I heard this growing up, but here's an online example:

Probably the most common story of government setting standards of measurement is the story of King Henry I of England, who ruled England from 1100 to 1135. The standard for the "foot" was supposed to have been made by measuring the King's foot.

Is the 12-inch foot we use today for measurement derived from the length of the foot of a king of England, and the rest is history?

  • Not every foot has the same length. Market towns had a standard foot (and bushel, etc) displayed in the centre, to enforce standards. The ancient German city of Regensburg still has the foot on the townhall wall. If your city had a bigger than average foot you were said to be living "on the big foot", which has become a common metaphor for "the good life" in German.
    – RedSonja
    Commented Jul 10, 2017 at 10:16

2 Answers 2



  • The idea predates England.

  • So far as we can tell from records, English kings used their arms not their feet.

  • The length of one foot has been redefined many times since the last recorded use of an English monarch's body.

In antiquity it was common to use human body parts to measure lengths.

The foot as a unit of measure predates the establishment of England as a country - and hence predates English kings.

Wikipedia cites Oswald Ashton Wentworth Dilke (May 22, 1987). Mathematics and measurement as saying that the Romans and Greeks used the foot as a unit of measure.

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So a 12-inch foot predates England. However the exact length of a foot has varied over the centuries. At times, there are records that indicate that the length of a foot was redefined based on the physical size of an actual foot of a ruler such as an emperor. For example:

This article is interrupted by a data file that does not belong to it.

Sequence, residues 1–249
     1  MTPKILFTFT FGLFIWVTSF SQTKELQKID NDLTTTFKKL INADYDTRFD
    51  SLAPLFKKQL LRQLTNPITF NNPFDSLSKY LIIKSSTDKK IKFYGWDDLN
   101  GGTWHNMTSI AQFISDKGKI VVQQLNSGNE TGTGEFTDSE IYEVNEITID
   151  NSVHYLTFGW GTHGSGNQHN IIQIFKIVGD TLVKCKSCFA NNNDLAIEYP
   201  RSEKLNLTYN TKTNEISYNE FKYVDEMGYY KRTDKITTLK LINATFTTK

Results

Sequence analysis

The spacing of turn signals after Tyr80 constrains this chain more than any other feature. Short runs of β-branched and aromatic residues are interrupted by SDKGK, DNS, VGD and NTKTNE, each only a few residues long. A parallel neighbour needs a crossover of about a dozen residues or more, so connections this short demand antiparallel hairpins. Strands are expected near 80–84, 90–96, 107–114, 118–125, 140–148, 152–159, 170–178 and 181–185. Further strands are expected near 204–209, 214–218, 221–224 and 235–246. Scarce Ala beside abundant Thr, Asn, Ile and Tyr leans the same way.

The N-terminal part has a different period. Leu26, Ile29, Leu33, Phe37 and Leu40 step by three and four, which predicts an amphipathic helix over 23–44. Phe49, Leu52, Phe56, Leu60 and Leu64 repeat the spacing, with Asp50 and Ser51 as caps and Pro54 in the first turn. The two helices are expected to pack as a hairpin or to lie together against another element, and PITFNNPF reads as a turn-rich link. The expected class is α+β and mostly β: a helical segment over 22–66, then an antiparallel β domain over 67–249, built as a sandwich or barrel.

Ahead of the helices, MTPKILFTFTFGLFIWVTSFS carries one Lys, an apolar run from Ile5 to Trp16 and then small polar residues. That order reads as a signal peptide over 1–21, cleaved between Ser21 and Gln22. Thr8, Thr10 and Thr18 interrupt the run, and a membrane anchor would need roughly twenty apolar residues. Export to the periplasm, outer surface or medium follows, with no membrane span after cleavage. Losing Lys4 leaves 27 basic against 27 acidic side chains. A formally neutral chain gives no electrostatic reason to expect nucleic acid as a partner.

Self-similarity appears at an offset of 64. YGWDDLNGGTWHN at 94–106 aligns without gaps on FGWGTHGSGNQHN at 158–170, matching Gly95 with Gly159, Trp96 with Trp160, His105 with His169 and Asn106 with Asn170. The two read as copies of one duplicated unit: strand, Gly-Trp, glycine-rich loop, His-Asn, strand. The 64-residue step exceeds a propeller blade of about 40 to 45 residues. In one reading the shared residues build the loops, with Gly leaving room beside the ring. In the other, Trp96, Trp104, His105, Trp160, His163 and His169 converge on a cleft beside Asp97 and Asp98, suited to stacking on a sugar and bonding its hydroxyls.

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English Kings did redefine units of measure from time to time. Sometimes they are reported as having used their own bodies as the basis.

The British institution responsible for measures is that National Physics Laboratory (NPL) which says

A traditional tale tells the story of Henry I (1100-1135) who decreed that the yard should be "the distance from the tip of the King's nose to the end of his outstretched thumb".

The 12th century William of Malmesbury's Chronicle of the Kings of England reported that King Henry I redefeined the ell in terms of his own arm.

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So the basic idea is sound. But the foot in use today has much more recent definition (example) and likely differs from the actual length of any appendage of any particular English monarch.

The most you can say about the current length of a foot in relation to an English monarch's body is that it probably hasn't been redefined very many times since Henry I implicitly defined it as a third of the length from his nose to his outstretched thumb.

His actual feet were probably not involved in the definition.


The imperial system predates not only the Kings of, but England itself.

It's unlikely that we will ever know for certain but as with most systems of measurement, description or judgement they will generally be based on something readily recognizable to the wider range of people's affected by said approximations.

With direct regard to "Imperial Measurement" (striking fear into the hearts of students worldwide), I subscribe to none but favor these two.

  1. Purely math based and quite logical.

  2. Also math based but linked to astronomical observations suggesting it's perhaps a little older again.

Have a flick through, they are strangely similar.


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